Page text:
"Batman v Superman: Dawn of Justice" Trailer Officially Released
I was a big fan of Rurouni Kenshin, purchasing every volume of the manga as it was released and watching every episode of the anime, even including the terrible filler ones towards the end. When Kaze Hikaru first came out, and was billed as a shojo version of Kenshin, I was dubious. It’s taken me this long, propelled by the opinions of reviewers I respect and aided by my spiffy local library, to finally check it out.
Kaze Hikaru is set around the same historical period as Rurouni Kenshin, but during a time when the worst of the struggle between factions loyal to the bakufu (shogunate government) and those loyal to the emperor is yet to come. It’s the story of a 15-year-old girl named Tominaga Sei who has sworn to avenge the deaths of her father and brother who were killed for their support of the bakufu. With nowhere else to go, she decides to disguise herself as a boy and follow her brother’s dream of enlisting with the Mibu-Roshi, a group of samurai based in Kyoto that would eventually go down in history as the infamous Shinsengumi.
Many historical figures abound, and it can be kind of difficult to keep track of them (and the relationships between them) at first, since Viz doesn’t provide much by way of notes. One character, Saito Hajime, will be familiar to Kenshin fans, though he’s awesome here in an entirely different way than his shounen manga counterpart. The person with whom Sei (or Kamiya Seizaburo, as her male persona is known) spends the most time is Okita Soji, who learns her secret quickly, but who feels responsible for the deaths of her family and wants to help her achieve her revenge.
This being shojo, there is at least romance, as Sei eventually falls in love with Okita, but that is not the chief focus. Moreso, the story is about the difference between Sei’s idealistic vision of what a bushi (samurai) is and the reality. She had been envisioning all of these honorable men, but instead she finds a lot of “dirty, nasty, stinky” degenerates who love nothing more than getting drunk, visiting brothels, and teasing “Kamiya” about his girlish looks and trying to put the moves on him.
Okita’s slightly better than the rest, at least as far as crude behavior goes, but even he brings forth a troubling realization to Sei: being a bushi means killing people with whom one might be able to empathize. She finds the fact that he’s able to kill and still keep his cheerful demeanor to be very frightening, and it’s not until a conversation with Saito at the end of the second volume that she realizes that a true bushi is not fighting for himself, but to protect something else. And to protect that precious thing, they are willing to do the unthinkable. After several annoying episodes of running off and reconsidering her commitment to the Mibu-Roshi, Sei finally realizes that it’s Okita that she wants to protect, and seems resolved to stick around for good.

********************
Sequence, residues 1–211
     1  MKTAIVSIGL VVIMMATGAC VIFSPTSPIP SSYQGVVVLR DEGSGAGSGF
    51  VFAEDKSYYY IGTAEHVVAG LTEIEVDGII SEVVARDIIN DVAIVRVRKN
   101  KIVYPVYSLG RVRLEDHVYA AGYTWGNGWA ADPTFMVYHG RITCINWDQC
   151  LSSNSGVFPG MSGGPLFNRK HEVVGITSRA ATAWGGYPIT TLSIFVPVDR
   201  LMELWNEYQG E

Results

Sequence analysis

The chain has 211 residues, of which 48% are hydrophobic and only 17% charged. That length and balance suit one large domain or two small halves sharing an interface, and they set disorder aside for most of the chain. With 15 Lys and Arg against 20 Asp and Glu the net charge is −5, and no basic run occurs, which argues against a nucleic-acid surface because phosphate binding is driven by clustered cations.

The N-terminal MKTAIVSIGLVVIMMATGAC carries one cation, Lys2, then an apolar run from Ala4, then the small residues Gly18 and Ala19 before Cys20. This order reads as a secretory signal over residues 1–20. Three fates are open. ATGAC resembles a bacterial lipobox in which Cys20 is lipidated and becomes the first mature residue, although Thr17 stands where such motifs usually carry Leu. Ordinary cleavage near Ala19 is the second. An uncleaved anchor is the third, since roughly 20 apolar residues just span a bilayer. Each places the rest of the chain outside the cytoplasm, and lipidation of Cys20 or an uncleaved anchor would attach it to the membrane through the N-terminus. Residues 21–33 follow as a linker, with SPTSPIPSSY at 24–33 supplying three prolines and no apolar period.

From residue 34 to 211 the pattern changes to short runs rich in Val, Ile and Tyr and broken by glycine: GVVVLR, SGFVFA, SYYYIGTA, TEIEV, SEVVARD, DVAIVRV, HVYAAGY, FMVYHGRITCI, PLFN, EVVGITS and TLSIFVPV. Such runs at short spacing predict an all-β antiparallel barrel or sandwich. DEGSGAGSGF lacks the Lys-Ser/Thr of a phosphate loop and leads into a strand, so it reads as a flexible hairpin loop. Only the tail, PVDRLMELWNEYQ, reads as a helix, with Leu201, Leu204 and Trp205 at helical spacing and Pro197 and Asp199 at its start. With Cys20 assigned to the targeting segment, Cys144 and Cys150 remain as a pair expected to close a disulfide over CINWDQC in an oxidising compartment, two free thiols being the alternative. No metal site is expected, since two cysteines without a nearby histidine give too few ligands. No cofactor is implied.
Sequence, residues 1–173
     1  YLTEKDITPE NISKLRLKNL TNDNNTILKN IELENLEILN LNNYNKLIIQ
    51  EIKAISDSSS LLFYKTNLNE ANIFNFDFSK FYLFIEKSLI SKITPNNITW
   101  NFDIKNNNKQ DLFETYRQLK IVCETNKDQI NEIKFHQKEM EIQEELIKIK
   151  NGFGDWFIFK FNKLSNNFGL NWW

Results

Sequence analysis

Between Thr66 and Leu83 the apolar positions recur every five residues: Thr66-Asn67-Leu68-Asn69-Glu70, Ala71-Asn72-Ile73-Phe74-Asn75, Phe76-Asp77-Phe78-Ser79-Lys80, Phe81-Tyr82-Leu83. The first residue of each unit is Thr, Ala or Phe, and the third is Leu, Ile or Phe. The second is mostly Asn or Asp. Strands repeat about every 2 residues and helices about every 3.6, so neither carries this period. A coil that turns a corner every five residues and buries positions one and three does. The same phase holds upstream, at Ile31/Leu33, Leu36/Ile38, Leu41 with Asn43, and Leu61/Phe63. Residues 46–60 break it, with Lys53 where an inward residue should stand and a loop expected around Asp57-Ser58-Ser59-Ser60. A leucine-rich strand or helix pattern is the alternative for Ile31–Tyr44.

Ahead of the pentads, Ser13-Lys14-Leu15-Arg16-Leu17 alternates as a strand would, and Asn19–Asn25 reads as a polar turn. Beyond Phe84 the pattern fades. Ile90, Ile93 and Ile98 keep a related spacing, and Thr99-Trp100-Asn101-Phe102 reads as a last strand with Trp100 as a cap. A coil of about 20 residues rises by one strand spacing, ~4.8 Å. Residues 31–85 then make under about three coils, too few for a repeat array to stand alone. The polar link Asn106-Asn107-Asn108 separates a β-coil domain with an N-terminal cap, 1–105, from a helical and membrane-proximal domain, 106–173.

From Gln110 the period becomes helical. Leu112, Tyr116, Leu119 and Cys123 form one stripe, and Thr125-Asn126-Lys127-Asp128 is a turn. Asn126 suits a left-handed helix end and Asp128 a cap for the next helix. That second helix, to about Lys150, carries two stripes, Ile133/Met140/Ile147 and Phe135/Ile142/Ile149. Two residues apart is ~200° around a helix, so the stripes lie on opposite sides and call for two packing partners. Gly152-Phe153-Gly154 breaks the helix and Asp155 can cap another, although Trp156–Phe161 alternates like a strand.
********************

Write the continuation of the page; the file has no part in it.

This brings up a point about Sei: while she’s undeniably possessed of many admirable qualities, she sometimes takes her desire to be brave and honorable to the extent that she flies off the handle at insults and even involves someone else in a foolhardy mission that ends up getting him killed. Also, though she had blithely claimed early on that she’d be able to kill, no problem, it’s clear she hadn’t really considered what that would require of her. Initially, I found these deficits to be irritating, but the more I think about it, a heroine flawed in this way is infinitely more interesting than a perfect one.
On the whole, I enjoyed these two volumes, even though there’s not really much of a cohesive story yet. Sei deals with some of her family issues, like encountering the courtesan with whom her brother was in love and confronting one of the men responsible for her family’s deaths, but there really isn’t much sense of the overall purpose of the Mibu-Roshi yet. They fight some bad guys, they patrol the town, they earn a bad reputation, but are they actually planning anything big or will the story mostly be small episodes like rousting out a band of imposters or dealing with the new recruit who tries to have his way with “Kamiya”?
Despite my few complaints about it, I like both the art and the story well enough to continue. To anyone mourning the end of Rurouni Kenshin who’s interested in reading about the conflict from the opposing perspective: give Kaze Hikaru a try. I promise it’s not so very shojo-y as to tarnish anyone’s manly pride.
Volumes one and two of Kaze Hikaru are available now.
Comics Should Be Good accepts review copies. Anything sent to us will (for better or for worse) end up reviewed on the blog. See where to send the review copies.